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Sunday, September 25, 2011

The Edge of 'The Universe'

The Edge of 'The Universe', or thoughts about "meta-verses" and "multi-verses" --

Aside from the fact that these silly concepts are dishonest equivocations -- for these and all similar concepts are but attempts to redefine the term 'universe' (*) without giving notice -- in seeking to demote the concept "the universe" from referring to *all* physical things to referring *some* physical things, the equivocators are also asserting that there is such a thing as "the edge of the universe". Yet, according to modern physics (and do not these persons *always* assert that their assertions are grounded in science?), the very idea of an edge of the universe is incoherent.

Let's explore these ideas ...
(*) The term, and the concept, 'the universe' has always referred to "all things existing in physical space-time". The specific material and physical entities and relationships to which the term and concept is applied have changed -- expanded -- over the centuries, as human understanding of the physical world has increased. But, all such change in application is wholly consistent with the unchanging content of the concept.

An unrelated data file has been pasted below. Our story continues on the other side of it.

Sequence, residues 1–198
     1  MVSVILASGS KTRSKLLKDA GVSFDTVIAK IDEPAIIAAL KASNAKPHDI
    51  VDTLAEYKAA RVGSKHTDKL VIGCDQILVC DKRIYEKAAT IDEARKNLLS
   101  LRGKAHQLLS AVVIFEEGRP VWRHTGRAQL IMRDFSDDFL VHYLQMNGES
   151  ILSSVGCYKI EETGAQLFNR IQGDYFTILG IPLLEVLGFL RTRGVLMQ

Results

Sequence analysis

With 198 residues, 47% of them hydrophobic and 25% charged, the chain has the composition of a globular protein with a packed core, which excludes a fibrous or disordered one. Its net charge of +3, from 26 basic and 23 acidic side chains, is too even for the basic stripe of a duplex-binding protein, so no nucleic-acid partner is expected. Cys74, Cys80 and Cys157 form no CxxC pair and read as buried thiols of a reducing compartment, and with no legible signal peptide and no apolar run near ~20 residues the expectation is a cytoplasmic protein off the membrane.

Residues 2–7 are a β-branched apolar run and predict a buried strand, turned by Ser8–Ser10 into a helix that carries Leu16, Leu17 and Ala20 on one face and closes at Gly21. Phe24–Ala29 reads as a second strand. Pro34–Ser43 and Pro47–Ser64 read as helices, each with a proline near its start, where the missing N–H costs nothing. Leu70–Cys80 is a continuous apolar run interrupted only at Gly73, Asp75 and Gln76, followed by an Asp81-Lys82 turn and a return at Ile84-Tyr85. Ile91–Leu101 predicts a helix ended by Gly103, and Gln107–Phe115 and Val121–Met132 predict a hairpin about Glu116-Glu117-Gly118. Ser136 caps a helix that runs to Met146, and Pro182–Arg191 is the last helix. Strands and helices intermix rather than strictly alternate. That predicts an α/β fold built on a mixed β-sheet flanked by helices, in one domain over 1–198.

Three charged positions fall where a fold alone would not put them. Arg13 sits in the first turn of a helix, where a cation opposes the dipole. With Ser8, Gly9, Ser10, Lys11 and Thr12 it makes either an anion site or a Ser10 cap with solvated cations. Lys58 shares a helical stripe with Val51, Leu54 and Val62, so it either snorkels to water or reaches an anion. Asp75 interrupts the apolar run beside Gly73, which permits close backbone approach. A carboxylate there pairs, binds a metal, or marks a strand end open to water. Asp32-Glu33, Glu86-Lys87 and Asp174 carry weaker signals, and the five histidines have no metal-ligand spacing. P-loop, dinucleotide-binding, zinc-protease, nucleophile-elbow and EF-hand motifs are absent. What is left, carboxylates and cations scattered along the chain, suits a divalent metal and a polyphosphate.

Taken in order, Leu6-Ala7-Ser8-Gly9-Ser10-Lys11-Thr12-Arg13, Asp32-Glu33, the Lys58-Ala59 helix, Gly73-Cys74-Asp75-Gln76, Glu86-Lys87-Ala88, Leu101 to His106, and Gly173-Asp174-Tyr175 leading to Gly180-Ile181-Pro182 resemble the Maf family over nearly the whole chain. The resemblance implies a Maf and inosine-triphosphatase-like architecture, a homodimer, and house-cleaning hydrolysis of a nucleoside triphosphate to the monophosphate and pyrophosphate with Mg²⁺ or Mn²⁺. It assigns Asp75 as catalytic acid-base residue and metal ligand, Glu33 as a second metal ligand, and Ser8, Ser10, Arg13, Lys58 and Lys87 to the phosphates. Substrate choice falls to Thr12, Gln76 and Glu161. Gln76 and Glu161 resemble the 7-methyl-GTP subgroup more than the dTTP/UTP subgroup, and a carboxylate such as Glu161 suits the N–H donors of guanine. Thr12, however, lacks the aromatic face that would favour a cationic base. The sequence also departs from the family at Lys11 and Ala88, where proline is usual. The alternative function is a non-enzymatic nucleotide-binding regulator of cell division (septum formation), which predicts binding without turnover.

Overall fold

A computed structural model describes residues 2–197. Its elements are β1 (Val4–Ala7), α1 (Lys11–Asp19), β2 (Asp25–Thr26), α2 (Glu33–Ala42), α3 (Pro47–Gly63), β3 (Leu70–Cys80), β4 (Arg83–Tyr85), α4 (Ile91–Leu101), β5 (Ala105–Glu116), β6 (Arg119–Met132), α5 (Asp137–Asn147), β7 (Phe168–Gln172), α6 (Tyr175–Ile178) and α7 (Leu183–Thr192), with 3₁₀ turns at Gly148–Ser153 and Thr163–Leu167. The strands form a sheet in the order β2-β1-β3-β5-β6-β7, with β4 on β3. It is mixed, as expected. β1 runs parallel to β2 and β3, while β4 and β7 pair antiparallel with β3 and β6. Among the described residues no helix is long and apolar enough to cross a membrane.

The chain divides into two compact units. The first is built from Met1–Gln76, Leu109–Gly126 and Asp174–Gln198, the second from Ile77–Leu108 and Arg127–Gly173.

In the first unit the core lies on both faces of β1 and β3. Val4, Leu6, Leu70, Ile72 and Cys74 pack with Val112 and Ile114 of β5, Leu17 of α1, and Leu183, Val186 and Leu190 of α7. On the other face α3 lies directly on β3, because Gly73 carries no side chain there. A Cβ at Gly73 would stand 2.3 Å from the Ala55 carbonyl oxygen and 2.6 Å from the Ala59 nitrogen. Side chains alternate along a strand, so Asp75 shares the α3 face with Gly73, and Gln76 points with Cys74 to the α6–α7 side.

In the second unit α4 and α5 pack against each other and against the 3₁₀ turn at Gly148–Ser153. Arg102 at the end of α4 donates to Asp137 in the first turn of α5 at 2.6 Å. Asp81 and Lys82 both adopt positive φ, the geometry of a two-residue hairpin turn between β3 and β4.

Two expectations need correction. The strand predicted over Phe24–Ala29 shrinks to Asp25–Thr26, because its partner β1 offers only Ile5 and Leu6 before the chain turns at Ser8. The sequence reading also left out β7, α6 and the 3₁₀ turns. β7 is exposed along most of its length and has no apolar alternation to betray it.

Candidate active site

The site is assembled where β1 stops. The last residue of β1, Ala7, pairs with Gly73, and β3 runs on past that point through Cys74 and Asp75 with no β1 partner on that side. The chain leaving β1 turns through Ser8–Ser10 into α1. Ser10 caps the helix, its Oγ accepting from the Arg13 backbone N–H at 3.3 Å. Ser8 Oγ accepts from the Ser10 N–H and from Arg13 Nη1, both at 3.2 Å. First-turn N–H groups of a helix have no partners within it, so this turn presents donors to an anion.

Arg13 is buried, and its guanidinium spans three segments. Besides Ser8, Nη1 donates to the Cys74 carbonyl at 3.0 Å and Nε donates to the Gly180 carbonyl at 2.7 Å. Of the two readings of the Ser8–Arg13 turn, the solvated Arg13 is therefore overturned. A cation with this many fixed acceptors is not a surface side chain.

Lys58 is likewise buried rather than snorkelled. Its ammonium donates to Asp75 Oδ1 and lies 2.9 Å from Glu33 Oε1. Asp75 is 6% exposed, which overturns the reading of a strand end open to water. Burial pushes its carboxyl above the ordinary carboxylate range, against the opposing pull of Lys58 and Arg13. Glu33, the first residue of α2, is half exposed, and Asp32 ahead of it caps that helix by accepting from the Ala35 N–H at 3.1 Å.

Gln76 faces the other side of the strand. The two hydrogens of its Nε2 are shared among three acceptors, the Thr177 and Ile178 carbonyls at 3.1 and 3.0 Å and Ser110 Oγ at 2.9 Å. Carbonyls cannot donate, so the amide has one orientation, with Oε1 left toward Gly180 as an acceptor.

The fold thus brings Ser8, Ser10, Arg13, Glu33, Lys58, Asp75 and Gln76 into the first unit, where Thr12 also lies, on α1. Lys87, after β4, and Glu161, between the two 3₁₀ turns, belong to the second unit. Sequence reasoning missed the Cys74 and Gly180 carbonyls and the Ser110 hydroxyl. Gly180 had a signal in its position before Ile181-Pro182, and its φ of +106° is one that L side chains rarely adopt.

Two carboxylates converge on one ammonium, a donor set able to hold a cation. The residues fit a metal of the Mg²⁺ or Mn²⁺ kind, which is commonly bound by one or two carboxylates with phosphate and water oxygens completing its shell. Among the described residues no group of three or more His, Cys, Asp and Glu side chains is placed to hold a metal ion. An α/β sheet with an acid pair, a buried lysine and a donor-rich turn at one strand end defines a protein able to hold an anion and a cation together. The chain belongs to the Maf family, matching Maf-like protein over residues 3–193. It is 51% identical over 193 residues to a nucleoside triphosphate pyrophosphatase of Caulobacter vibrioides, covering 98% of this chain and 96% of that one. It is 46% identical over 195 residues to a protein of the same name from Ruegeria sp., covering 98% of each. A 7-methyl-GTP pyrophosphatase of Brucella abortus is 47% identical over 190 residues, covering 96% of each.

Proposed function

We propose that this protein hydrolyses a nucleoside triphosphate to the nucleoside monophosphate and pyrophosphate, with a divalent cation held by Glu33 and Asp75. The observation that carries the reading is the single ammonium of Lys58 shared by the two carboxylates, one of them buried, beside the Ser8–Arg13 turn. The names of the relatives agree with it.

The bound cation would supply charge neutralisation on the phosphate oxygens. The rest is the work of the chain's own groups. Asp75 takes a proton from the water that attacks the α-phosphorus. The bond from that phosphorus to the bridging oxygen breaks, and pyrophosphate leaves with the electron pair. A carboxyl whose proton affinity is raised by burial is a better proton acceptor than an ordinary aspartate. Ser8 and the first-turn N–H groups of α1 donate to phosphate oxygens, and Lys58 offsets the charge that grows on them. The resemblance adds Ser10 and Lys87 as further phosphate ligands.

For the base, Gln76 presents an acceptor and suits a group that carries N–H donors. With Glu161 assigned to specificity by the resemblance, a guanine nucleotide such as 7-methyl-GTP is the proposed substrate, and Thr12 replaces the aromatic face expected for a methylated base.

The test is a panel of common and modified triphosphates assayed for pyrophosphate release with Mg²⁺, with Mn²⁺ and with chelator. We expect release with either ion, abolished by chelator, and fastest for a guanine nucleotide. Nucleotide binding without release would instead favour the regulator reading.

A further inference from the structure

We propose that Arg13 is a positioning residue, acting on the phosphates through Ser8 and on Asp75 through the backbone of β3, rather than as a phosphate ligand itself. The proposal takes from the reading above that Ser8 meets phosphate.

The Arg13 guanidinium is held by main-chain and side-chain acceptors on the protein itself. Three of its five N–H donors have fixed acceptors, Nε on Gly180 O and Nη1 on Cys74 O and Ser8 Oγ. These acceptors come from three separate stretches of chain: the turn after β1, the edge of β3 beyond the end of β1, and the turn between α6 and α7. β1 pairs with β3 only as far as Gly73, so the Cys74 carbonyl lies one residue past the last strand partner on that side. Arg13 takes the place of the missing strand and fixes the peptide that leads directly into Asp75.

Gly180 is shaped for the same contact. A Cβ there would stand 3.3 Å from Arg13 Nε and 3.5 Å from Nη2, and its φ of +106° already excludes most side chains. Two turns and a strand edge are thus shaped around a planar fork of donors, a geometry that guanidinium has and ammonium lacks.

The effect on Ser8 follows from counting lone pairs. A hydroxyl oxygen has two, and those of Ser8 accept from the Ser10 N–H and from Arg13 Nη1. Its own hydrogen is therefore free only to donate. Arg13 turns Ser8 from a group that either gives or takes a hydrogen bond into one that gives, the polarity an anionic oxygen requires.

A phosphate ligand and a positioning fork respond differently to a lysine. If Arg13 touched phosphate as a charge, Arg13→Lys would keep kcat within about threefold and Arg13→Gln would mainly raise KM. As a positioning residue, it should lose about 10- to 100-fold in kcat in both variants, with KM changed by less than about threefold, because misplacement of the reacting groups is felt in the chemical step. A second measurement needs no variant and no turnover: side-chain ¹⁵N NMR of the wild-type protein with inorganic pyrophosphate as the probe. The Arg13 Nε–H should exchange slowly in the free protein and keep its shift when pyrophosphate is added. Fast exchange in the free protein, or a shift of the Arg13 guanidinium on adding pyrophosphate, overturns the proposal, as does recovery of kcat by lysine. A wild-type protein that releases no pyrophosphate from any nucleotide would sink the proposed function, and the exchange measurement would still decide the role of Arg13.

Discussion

For example, in ancient times, when "the fixed stars" (and for that matter, also "the wandering stars", and the sun and moon) and the galaxy were thought to be lights and objects affixed to or embedded in crystal spheres of immense size surrounding the earth in concentric circles, the meaning of 'the universe' didn't stop with the earth or the moon; the "fixed stars", believed to be so distant that in relation the earth was as a mathematic point, were also included in 'the universe'.

Later, when it was understood that "the fixed stars" were like the sun (or, alternately, that the sun was another star), and that the galaxy was not one object, but was rather innumerable stars so distant that they appearto us as a mist, rather than as discrete points of light as "the fixed stars" do, 'the universe' was understood to refer to all that, too.